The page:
What happens after treatment for Merkel cell carcinoma?
For many people with Merkel cell carcinoma (MCC), treatment can remove or destroy the cancer. Completing treatment can be both stressful and exciting. You may be relieved to finish treatment, but find it hard not to worry about cancer growing or coming back. (When cancer comes back after treatment, it is called a recurrence.) This is a very common concern in people who have had cancer.
It may take a while before your fears lessen. But it may help to know that many cancer survivors have learned to accept this uncertainty and are living full lives. For more on this, see Living With Uncertainty: The Fear of Cancer Recurrence.
For others, MCC may never go away completely. These people may get regular treatment with radiation therapy, chemotherapy, or other treatments to try to help keep the cancer in check. Learning to live with cancer that does not go away can be difficult and very stressful. It has its own type of uncertainty. When Cancer Doesn’t Go Away talks more about this.
Even if you have completed treatment, your doctors will still want to watch you closely. It’s very important to keep all follow-up appointments. Follow-up is needed to check for signs of the cancer coming back, as well as possible side effects of certain treatments. This is a good time for you to ask your health care team any questions you need answered and to discuss any concerns you have.
A typical follow-up schedule for MCC might include physical exams every few months for the first couple of years, then more time between exams after that. Some doctors might also recommend imaging tests such as PET/CT scans, especially for people who are at higher risk of the MCC returning (such as those who had a large tumor or more advanced disease).
It’s also important for MCC survivors to do regular self-exams of their skin and lymph nodes. Most doctors recommend this at least monthly. You should see your doctor if you find any new lump or change in your skin. You should also report any new symptoms (for example, pain, cough, fatigue, or loss of appetite) that do not go away. If MCC returns it is usually within the first couple of years after treatment, but it can sometimes come back many years later.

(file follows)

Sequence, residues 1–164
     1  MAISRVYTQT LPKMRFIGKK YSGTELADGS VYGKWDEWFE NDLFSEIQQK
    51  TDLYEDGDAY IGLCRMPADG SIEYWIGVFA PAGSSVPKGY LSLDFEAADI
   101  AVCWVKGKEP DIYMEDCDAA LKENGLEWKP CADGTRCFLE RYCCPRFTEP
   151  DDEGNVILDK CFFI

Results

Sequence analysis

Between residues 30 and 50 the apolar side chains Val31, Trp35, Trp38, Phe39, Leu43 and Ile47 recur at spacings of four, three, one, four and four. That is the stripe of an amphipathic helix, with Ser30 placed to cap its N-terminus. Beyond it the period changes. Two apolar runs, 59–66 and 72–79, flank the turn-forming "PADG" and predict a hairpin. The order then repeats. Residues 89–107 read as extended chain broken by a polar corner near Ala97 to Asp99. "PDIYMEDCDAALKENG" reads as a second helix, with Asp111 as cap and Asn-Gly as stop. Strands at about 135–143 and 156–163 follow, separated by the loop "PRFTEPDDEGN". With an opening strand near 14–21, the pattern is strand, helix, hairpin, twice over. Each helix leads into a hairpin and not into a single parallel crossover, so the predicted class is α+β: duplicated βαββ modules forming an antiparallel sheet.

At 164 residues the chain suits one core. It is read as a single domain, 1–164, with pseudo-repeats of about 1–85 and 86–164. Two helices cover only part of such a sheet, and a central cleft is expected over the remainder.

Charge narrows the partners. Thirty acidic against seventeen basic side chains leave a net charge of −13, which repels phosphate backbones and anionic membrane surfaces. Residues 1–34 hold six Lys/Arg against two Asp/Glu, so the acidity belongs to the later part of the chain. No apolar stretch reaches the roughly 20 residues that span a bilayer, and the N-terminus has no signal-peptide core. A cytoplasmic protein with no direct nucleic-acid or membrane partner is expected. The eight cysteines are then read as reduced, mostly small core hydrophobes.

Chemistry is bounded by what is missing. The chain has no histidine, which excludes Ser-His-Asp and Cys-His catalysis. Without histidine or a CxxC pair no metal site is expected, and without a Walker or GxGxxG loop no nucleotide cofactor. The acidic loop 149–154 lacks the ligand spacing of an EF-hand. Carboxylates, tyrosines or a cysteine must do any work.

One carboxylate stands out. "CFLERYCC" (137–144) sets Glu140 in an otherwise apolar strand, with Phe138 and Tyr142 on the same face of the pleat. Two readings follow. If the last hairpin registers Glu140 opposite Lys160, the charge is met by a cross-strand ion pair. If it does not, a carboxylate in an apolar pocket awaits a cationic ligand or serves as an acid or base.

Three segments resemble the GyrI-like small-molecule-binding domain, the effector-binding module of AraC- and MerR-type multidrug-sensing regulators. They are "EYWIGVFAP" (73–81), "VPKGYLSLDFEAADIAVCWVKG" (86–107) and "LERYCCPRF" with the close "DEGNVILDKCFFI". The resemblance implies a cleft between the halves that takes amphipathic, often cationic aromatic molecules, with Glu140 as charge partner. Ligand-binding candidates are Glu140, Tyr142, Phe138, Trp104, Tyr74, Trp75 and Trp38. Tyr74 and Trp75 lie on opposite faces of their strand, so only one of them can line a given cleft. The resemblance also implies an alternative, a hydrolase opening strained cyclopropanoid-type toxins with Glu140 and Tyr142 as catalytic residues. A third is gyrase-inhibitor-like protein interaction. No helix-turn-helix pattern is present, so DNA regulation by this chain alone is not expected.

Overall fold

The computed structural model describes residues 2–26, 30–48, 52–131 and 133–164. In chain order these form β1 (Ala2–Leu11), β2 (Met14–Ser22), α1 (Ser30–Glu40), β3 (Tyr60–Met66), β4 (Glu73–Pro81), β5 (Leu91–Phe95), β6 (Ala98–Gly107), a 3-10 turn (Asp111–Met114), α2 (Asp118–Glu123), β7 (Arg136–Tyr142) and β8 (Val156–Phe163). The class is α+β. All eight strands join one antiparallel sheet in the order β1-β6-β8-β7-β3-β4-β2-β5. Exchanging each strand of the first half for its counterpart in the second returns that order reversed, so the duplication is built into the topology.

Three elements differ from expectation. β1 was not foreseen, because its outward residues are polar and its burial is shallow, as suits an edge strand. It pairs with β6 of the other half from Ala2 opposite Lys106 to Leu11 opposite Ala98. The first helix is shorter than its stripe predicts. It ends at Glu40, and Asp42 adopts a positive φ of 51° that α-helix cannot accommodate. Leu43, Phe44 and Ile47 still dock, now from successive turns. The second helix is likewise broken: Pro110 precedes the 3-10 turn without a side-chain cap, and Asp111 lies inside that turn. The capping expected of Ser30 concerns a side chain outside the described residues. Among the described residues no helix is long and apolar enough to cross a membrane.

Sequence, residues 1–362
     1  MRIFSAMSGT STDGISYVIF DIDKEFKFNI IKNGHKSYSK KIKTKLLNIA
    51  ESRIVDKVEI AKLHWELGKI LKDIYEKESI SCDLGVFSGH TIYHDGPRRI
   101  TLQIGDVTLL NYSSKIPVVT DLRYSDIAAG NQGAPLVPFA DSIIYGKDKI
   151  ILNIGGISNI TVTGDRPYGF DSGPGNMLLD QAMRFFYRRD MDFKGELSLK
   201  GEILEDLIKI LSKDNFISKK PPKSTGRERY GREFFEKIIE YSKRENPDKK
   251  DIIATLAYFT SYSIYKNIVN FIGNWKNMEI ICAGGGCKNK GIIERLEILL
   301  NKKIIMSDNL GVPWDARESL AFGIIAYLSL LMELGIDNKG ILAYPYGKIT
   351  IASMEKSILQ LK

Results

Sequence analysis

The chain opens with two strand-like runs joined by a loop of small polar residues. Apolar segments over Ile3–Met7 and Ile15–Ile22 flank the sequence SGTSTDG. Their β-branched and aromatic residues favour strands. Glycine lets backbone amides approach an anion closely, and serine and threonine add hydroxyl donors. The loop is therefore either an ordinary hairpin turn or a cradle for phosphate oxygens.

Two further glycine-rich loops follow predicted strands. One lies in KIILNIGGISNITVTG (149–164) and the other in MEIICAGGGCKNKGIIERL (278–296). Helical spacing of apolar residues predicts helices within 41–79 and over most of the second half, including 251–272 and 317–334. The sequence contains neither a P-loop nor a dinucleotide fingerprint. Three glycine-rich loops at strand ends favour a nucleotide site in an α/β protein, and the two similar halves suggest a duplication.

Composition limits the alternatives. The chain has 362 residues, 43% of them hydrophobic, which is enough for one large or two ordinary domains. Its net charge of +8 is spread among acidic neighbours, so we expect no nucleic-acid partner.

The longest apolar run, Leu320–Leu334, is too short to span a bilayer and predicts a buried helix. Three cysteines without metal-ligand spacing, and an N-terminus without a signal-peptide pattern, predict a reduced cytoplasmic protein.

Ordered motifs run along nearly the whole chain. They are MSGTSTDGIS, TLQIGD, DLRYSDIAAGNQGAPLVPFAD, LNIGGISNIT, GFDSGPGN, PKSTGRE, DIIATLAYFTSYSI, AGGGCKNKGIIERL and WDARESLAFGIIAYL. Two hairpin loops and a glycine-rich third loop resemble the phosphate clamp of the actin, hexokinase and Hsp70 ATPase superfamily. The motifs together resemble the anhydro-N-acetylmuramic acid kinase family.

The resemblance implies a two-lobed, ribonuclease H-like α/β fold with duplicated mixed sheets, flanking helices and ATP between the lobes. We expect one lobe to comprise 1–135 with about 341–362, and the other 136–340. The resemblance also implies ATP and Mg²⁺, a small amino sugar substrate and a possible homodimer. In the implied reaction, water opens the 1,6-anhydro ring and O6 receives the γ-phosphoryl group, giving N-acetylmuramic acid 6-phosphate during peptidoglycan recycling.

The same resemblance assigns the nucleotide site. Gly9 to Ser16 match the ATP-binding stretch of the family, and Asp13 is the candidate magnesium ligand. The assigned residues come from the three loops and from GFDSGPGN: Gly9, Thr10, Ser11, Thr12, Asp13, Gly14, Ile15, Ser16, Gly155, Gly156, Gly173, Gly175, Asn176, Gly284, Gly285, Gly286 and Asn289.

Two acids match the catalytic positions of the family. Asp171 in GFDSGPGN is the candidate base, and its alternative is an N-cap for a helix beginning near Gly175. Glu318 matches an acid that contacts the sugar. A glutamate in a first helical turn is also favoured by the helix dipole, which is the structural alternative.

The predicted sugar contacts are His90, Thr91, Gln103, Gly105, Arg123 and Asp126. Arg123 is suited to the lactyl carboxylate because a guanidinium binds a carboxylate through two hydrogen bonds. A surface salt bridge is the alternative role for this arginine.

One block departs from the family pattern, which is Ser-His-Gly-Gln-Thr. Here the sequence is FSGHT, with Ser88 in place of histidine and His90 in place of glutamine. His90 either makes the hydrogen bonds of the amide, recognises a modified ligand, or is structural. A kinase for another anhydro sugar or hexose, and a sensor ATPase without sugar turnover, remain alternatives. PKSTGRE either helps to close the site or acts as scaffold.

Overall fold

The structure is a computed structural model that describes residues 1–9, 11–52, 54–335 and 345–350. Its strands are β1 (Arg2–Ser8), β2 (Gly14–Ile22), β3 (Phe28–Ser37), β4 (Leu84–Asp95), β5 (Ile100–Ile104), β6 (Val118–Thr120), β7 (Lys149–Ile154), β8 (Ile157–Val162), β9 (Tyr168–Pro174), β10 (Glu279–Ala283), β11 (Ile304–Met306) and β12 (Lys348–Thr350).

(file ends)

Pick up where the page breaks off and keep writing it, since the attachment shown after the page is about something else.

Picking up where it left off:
Patients with MCC that does not go away completely with treatment will have a follow-up schedule based on their situation.
If MCC does come back, treatment will depend on the location of the cancer, what treatments you’ve had before, and your overall health. For more information on how recurrent cancer is treated, see the section “Treating Merkel cell carcinoma based on the extent of the disease.” For more general information on dealing with a recurrence, you might also want to see When Your Cancer Comes Back: Cancer Recurrence.
A person who has had MCC is also at higher risk for developing other types of skin cancer. It’s important for people who have had MCC to examine their skin every month for new skin cancers, and to avoid getting too much sun exposure.
You can find information on how to examine and protect your skin in Skin Cancer Prevention and Early Detection.
Seeing a new doctor
At some point after your treatment, you may be seeing a new doctor who does not know about your medical history. It’s important to be able to give your new doctor the details of your diagnosis and treatment. Gathering these details during and soon after treatment may be easier than trying to get them at some point in the future. Make sure you have this information handy (and always keep copies for yourself):
- A copy of your pathology report(s) from any biopsies or surgery
- Copies of imaging tests (CT or MRI scans, etc.), which can usually be stored digitally on a DVD, etc.
- If you had surgery, a copy of your operative report(s)
- If you stayed in the hospital, a copy of the discharge summary that doctor wrote when you were sent home
- If you had radiation therapy, a copy of your treatment summary
- If you had chemotherapy, a list of your drugs, drug doses, and when you took them
- Contact information for doctors who have treated your cancer
It’s also very important to keep health insurance. Tests and doctor visits cost a lot, and even though no one wants to think of their cancer coming back, this could happen.
Last Medical Review: 04/13/2015
Last Revised: 02/09/2016